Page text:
• BoxerFanatic

    I wonder if tank racks are coming back into fashion.

    That is kind of a cool one, and seems like a very utilitarian piece to lash carry-along parcels onto, or as a base for a tank-bag.

  • Sam Taylor

    What an unusual machine. I’m not exactly sure how to comment; I don’t think I’ve ever seen such a mix. Maybe I just need to say, I dig it.

  • Chris Gillham

    cafe racer, dual sport, scrambler, cruiser, supersport….who cares its feaking awesome! the paint, the parts bin build, the exhaust, the brakes and on and on are perfect for mine. love it.

    i really hope this build doesn’t get over shadowed by a petty cafe racer debate. it is what it is.

  • Badbike69

    Very nice mix of stiles. I think that this tyres are not for the road, just for photo session.

  • Eric J. A.

    I will agree with Steve above – this is a great looking bike, but it is not a cafe racer! To Mr. Hunter – just because trends and popular styles change does not mean the definition of a style changes with it.

    Keep up the great work on the site.

  • Martin

    I like the bike a lot. I’m just trying to figure out exactly what is supposed to end up on that rack on the tank. I’d like to see the rack in use as well. Something foreign. Strapped onto the rack there could help provide some scale for the viewers as well.

    • JT

      Six half liters of Peroni

  • Its a really sweet bike, I like it a lot but I’ve got to agree with steve and Eric, its not a cafe racer.

  • elven

    Cafe racers don’t have dirt-bike tyres, they would be behind the other Cafe racers with proper road tyres.

    • elven

      Looks more like a “Street Scrambler”.
      Very nice wharever it is; easy job to swap the tyres for proper ones.


    There are two problems I have with labeling this as a café racer: It always starts the same old argument over what a “real” café racer is, and when I saw the title yesterday of a Guzzi Café, I got excited. Sadly, after viewing, I thought: “Well, looks like a fun dirtbike” (although really well done one at that).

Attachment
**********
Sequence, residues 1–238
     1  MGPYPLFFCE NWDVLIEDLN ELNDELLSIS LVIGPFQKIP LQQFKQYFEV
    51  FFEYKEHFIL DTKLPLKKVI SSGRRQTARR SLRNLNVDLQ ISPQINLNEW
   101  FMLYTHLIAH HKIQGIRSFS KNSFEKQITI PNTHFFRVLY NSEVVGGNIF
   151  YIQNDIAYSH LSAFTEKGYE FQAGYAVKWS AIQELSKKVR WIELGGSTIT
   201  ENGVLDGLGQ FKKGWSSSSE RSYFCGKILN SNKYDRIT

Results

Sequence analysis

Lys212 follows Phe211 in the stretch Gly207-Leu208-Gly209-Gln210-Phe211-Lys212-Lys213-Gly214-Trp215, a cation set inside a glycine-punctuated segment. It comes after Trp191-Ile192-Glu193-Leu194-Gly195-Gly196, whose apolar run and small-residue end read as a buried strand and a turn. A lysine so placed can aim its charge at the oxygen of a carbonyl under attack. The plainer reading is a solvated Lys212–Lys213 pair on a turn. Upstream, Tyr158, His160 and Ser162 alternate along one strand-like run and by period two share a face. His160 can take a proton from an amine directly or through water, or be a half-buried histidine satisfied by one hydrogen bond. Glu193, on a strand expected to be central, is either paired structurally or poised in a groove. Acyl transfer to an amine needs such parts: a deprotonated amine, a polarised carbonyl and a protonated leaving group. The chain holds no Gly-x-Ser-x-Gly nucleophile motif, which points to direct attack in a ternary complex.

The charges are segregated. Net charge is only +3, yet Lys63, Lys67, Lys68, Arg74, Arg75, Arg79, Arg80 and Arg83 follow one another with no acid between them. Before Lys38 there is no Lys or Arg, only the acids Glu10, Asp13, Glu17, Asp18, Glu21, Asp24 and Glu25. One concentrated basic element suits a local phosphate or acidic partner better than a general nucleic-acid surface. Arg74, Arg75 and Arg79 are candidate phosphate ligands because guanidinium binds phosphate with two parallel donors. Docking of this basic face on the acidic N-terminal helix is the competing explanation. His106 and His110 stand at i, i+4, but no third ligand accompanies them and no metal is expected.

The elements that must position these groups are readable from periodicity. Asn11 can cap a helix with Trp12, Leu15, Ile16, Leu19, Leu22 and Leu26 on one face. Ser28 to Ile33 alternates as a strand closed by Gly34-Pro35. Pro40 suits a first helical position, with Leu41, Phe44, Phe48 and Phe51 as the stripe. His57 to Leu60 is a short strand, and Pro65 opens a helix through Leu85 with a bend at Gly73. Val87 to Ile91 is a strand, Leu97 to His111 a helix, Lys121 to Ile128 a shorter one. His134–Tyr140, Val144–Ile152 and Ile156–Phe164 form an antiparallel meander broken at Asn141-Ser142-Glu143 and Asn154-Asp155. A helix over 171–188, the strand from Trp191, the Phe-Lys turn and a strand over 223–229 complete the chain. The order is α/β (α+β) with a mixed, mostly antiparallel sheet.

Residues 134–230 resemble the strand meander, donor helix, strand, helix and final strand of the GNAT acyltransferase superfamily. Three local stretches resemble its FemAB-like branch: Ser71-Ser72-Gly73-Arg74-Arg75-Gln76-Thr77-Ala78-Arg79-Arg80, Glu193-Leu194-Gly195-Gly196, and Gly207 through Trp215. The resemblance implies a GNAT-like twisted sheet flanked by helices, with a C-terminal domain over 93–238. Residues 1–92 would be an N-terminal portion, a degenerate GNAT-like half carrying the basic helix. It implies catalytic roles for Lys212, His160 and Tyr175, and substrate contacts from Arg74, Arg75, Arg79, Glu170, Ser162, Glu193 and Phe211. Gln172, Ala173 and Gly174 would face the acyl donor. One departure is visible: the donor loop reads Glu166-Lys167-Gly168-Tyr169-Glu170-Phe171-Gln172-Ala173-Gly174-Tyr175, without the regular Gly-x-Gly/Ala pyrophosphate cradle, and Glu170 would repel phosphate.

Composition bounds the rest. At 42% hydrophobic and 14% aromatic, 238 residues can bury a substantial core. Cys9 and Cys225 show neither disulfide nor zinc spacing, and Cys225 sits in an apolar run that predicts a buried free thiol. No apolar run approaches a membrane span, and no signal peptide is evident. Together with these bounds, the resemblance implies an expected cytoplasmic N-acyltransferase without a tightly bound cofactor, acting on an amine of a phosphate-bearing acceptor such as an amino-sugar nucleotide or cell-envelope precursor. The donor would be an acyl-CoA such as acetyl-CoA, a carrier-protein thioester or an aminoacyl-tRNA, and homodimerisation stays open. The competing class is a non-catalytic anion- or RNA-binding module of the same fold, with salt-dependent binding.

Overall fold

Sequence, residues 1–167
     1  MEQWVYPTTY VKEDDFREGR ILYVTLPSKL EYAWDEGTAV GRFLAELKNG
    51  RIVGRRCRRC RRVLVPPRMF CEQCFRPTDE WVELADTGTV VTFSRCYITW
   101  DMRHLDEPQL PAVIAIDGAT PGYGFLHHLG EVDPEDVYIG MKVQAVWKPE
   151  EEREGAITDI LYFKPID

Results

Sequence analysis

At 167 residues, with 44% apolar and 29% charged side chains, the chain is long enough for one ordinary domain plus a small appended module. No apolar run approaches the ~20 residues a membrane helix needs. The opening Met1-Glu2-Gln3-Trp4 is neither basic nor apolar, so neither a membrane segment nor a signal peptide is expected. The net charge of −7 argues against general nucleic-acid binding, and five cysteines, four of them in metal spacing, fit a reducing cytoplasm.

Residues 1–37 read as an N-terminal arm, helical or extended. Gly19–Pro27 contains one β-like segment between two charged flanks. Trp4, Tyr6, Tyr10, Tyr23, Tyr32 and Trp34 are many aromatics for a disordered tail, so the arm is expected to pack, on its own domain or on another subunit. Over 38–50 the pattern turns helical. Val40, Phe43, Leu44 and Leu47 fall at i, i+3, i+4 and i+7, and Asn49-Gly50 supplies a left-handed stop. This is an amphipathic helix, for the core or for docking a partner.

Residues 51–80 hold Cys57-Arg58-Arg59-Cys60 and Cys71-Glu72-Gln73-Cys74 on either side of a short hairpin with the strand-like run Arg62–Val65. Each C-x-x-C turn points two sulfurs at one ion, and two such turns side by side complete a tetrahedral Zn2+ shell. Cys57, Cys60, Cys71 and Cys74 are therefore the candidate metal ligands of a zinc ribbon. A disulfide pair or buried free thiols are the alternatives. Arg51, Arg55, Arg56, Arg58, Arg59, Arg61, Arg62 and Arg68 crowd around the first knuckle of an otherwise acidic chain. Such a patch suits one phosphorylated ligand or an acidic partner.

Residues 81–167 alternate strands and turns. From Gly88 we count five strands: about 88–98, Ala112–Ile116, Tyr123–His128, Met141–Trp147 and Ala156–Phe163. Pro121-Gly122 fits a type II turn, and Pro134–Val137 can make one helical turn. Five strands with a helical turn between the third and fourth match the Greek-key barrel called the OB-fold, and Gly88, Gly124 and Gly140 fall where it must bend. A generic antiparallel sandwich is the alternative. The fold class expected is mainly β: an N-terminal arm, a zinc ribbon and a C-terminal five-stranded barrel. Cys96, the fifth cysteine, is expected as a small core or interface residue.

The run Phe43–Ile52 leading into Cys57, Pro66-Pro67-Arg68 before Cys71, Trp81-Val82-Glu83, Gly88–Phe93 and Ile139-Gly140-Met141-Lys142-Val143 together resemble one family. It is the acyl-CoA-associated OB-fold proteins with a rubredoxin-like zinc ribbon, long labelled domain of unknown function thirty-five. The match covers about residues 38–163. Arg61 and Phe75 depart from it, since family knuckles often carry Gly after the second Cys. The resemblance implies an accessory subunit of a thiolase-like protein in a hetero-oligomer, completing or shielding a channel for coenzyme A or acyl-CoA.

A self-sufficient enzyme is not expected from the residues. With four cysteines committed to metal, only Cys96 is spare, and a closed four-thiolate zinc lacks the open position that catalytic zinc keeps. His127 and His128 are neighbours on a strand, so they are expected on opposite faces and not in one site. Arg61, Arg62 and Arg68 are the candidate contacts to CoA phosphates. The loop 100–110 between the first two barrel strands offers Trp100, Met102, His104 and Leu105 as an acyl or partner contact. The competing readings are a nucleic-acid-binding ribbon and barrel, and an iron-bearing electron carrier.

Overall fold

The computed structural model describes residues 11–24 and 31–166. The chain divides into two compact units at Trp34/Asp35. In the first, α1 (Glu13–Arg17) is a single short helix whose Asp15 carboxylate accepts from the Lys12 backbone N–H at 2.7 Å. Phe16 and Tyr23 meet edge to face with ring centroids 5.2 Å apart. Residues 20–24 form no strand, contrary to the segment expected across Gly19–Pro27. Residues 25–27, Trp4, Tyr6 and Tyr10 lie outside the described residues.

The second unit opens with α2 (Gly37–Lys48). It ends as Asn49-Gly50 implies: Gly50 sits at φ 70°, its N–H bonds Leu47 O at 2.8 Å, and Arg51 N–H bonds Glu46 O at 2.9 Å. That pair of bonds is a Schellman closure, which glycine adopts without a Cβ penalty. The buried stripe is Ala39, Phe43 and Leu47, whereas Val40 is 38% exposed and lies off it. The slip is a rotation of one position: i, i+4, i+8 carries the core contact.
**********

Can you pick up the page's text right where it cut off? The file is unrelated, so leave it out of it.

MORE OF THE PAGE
BTW – “Cafe racer” is still in the keywords. :)

  • Fearmytwin

    Who the hell shot these photos? Learn how to balance your damn camera. Apologies if you only have one arm, but still terrible.

  • Lovin’ the paint job, and don’t mind the seat color this time. It seems to work on this bike. Lovely build and looks ready to ride. I’m not a huge front fender supporter, but with the knobby tires, I would want a fender since I would be inclined to drive this thing over islands, dirt, the center of the freeway and all kinds of other places I wouldn’t normally take a street bike.

  • MarkF

    I think this bike has its roots in the “competition” oriented dual purpose bikes like the CSR AJS/Matchless 650s, which were (in theory at least) capable in most forms of bike sport and also in hot bikes like the BSA A65 Firebird, Triumph TR6 and BSA A10 Spitfire – an honourable tradition.

    But yet again, a bike without a front mudguard! Not very practical… Can nobody design a workable front mudguard?

    Also not quite sure about the gift-wrapped downpipes, still each to their own. I think it’s a fine bike.

    However the tyres would be very useful on some of the crumbling roads we have in the UK.

  • Guest

    I have fianlly realized what I wnat to do when I grow-up: I want to be a member of the Cafe Racer Police. Anybody know where I can join this fine organization?